Liz Gannes

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Gift-Giving Service Wantful Shuts Down Suddenly

The gift site Wantful is suspending operations, it said today.

Founder and CEO John Poisson wrote in a blog post that the company was forced to shut down after losing a planned follow-on investment.

WantfulHe said in an interview that the investment was part of a strategic relationship with Nordstrom, with which Wantful had launched a joint gift venture earlier this year.

“In their calculus it didn’t make sense for them, and that was right. But when they pulled back, it put us in a position where we didn’t have time to react,” Poisson said. The deal fell apart only last week.

Still, Nordstrom was not the only investor involved in the 2.5-year-old company.

Wantful had raised $5.5 million in Series A funding led by Polaris Venture Partners, along with Harrison Metal, Greylock Partners, Forerunner Ventures, Alison Pincus, Dave Morin, Dennis Crowley and Matt Mullenweg.

“In e-commerce, venture capital is looking for really steep growth curves,” Poisson said, explaining why a further round of funding wasn’t forthcoming.

Nordstorm, of course, wasn’t so keen on the retelling of the story that made its yanking of funding the final straw that broke the camel’s back.

“The bottom line is we’re not responsible for what’s going on here,” said Nordstrom spokesperson Colin Johnson. “We lived up to our obligation, and unfortunately the company didn’t meet the conditions we laid out to invest.”

Further, Johnson attested that Nordstrom put up $100,000 in last-minute cash as the company was going under, in order to help take care of the 16 members of the Wantful team who were losing their jobs.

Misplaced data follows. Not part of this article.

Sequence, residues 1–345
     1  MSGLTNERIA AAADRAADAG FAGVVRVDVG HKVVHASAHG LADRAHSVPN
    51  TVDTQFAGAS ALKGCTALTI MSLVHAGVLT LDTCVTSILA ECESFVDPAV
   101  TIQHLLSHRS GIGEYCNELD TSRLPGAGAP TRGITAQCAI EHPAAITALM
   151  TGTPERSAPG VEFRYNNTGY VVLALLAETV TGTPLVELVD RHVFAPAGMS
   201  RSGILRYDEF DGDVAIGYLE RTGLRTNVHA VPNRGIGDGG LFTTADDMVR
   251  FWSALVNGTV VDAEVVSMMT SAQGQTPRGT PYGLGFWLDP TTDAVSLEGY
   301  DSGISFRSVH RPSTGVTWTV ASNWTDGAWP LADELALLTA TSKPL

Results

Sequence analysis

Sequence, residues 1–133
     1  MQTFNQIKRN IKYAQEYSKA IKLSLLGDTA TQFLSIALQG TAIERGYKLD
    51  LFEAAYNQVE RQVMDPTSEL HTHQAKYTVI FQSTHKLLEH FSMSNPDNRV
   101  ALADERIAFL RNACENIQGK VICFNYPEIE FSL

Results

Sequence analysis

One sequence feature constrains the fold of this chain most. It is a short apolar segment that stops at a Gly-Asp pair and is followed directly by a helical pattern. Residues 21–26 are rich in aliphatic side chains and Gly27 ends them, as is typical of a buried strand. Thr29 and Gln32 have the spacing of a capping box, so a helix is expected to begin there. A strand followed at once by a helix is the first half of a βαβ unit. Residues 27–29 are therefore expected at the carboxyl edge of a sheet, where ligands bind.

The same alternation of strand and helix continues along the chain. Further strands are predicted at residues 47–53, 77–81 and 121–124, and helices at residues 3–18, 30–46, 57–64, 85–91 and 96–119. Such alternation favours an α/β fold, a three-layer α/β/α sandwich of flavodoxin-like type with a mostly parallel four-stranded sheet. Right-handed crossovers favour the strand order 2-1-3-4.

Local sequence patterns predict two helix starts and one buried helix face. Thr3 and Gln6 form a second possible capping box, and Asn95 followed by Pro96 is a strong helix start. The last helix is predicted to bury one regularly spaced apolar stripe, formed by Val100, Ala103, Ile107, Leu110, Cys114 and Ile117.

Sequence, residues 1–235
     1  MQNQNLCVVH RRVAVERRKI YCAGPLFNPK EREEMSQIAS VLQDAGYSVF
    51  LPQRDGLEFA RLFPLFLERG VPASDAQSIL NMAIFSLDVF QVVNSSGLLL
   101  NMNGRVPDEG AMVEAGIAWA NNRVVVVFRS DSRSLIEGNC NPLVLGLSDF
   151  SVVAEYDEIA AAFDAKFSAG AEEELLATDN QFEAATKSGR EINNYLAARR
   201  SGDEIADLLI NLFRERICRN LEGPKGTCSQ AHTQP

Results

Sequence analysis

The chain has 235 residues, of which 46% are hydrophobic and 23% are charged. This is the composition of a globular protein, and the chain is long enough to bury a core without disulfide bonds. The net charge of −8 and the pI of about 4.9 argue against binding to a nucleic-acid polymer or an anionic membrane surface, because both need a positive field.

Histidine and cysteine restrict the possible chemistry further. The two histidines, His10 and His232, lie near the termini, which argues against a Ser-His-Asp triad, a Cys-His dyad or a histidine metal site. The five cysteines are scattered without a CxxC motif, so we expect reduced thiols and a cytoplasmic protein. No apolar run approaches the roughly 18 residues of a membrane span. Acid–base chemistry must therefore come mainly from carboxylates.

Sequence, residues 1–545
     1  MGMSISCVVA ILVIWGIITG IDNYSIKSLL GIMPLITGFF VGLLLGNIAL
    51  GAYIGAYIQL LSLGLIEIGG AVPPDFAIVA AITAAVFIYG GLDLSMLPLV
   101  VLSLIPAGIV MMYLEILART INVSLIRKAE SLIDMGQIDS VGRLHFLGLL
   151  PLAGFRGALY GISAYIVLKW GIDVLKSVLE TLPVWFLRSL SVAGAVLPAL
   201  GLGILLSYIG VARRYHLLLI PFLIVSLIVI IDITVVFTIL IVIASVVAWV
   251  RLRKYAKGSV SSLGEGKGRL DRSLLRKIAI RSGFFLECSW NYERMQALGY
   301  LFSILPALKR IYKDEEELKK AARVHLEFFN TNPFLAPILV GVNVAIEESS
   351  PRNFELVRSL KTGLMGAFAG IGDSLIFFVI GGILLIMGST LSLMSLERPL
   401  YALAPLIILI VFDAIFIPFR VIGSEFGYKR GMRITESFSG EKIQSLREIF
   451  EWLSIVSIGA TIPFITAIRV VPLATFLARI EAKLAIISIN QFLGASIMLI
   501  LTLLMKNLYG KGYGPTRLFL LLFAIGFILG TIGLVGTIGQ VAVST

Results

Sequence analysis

In retrospect, Poisson said he was proud that Wantful had successfully set up a “drop-ship” system, where some 650 retailers received orders and sent them directly to customers. Wantful also had worked to tell stories behind brands, and launched its own print magazine.

Poisson argued that Wantful’s closure was not an indictment of online gifting, especially after Facebook recently shut down a similar service for physical goods in favor of gift cards. “Gifts are a primal human form of communication,” he said.

However, Poisson could not think of another gifting startup that was doing well.


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Just as the atom bomb was the weapon that was supposed to render war obsolete, the Internet seems like capitalism’s ultimate feat of self-destructive genius, an economic doomsday device rendering it impossible for anyone to ever make a profit off anything again. It’s especially hopeless for those whose work is easily digitized and accessed free of charge.

— Author Tim Kreider on not getting paid for one’s work